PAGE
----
Companies move quickly to avert recession dangers

PUBLISHED : Saturday, 18 April, 2009, 12:00am
UPDATED : Saturday, 18 April, 2009, 12:00am

With the financial crisis exposing a barrage of complex issues from fraud and misdemeanour to corporate excesses, the business of managing risk has turned a corner for many companies, moving to the top of chief executives' agendas as corporations fight for survival.

'For banks especially, risk management is no longer only used to satisfy regulatory requirements. Corporations now see it as a way of helping them to improve business too,' said Mike So, associate professor at Hong Kong University of Science and Technology's department of information systems, business statistics and operations management.

Organisations are pouring funds into upgrading their risk management, implementing key operational and technological systems across the board and hiring top-notch professionals to manage their risks, particularly in the current economic climate.

Peter Koo, a partner at Deloitte China who is responsible for enterprise risk services, has seen the downturn trigger more requests for the company's consulting services in liquidity and operational risk, and technology and security risk.

Much of the demand has emerged from the financial services industry, listed companies and the public sector, with an emphasis on areas such as enterprise risk management, corporate governance and information technology governance. 'Risk management has become an indispensable tool to companies' overall corporate strategies,' Mr Koo said.

Deloitte offers three types of risk management training to its clients. These comprise coaching at the executive level to ensure senior directors understand the complexities of compliance, training of frontline professionals so they can help execute smooth and ethical operations, and company-wide education to make sure every member of staff has a clear grasp of what risk management is.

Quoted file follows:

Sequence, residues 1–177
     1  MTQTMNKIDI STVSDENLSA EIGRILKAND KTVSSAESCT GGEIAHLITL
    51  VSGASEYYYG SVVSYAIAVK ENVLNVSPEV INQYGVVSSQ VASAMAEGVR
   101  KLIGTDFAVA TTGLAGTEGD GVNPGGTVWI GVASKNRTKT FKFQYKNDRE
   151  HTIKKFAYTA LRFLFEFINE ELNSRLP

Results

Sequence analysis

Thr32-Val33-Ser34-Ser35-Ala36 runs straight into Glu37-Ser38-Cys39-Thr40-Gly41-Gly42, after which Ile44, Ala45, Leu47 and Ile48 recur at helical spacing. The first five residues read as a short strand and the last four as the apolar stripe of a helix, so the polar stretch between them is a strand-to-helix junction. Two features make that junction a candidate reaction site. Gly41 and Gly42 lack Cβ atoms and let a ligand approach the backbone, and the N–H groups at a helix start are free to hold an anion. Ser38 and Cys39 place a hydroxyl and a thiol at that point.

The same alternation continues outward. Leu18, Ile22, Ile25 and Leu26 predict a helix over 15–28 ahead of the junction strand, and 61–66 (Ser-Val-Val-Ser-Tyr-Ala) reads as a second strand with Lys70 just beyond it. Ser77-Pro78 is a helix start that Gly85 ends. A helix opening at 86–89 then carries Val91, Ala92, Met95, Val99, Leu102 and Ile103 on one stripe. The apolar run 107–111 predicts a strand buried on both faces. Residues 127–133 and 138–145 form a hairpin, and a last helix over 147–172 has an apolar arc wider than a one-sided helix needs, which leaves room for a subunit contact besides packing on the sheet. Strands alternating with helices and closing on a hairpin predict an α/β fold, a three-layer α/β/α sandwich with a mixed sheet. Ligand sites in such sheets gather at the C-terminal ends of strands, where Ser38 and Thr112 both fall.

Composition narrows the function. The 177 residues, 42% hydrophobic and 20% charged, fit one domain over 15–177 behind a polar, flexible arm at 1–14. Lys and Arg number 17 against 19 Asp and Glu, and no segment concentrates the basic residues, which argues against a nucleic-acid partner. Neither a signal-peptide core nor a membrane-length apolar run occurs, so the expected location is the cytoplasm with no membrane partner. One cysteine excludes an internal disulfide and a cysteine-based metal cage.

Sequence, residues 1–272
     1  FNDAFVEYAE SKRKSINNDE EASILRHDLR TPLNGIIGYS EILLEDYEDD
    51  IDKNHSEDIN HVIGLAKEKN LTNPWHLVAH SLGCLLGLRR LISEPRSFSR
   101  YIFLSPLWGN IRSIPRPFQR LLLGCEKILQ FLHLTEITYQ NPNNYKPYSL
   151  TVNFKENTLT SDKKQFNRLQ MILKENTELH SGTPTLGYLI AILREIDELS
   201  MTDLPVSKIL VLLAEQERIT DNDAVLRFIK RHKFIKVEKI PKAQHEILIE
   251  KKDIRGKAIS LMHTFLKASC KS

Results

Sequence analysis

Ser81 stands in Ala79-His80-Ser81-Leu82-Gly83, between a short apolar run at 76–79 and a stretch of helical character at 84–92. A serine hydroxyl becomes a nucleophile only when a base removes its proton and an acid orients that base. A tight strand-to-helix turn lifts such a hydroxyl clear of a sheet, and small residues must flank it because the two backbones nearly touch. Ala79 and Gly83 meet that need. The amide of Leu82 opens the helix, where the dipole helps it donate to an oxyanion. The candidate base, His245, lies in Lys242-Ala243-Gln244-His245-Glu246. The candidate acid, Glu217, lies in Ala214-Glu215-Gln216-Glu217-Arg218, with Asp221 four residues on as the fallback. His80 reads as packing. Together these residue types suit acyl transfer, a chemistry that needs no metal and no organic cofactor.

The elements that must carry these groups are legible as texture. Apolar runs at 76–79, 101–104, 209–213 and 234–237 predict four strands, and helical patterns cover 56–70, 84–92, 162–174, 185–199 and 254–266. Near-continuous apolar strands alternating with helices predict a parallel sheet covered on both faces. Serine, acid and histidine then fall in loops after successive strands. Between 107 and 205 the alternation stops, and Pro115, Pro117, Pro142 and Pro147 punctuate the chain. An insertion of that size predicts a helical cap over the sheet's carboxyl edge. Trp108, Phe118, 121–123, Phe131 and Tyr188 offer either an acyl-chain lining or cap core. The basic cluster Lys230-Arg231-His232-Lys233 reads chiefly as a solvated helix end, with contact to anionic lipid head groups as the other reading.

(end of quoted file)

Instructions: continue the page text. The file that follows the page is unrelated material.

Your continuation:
'Risk management is particularly important in a downturn because whoever can manage risk the best ultimately wins,' Professor So said.

This heightened awareness of risk management has generated more educational opportunities on the subject, ranging from one-day workshops to fully fledged undergraduate programmes and postgraduate diplomas.

In October, Hong Kong University's school of professional and continuing education launched its postgraduate diploma in enterprise risk management to meet the growing market demand. The programme focuses on two key areas that academics say are crucial to risk management: that individuals uphold their moral principles and put in place reliable systems that can avert crises.

'This is why every course participant must take two mandatory core courses - enterprise risk management framework and business and professional ethics, both of which address these issues - in addition to choosing from a wide range of elective courses,' said Olivia Lui, programme director at Hong Kong University's school of professional and continuing education, who has responsibility for the course.

Electives include subjects such as corporate governance, internal control concepts and issues, financial and business risk management, information technology safety and fraud protection, commercial crimes and money-laundering law.

The 12-month multidisciplinary programme aims to develop students' knowledge and understanding of enterprise risk management and to equip them with tangible skills that can be applied to the workplace.

'The programme teaches students to look at an issue from different angles and to make better decisions. This can help them turn crisis into opportunity,' Ms Lui said.

Instructors use case studies to highlight real-life risks, solutions and success stories, applying concepts in a more practical context. The curriculum also signifies the evolution of risk management education, with the emphasis no longer only on a single function such as accounting, auditing or internal control, but a holistic approach that tackles all areas within a corporation.

The University of Science and Technology is scheduled to launch the city's first undergraduate programme integrating risk management and business intelligence in September. Graduates are trained to manage information, mitigate risk and assist corporations in making essential decisions.

Though corporations' interest in risk management has been temperamental in the past, academics and industry players believe the latest wake-up call, triggered by the global recession, is different. Demand for risk management is expected to hold steady in the future. 'So far as best practices are concerned, I think this area will remain a constant focus for companies on both training and execution fronts,' Mr Koo said.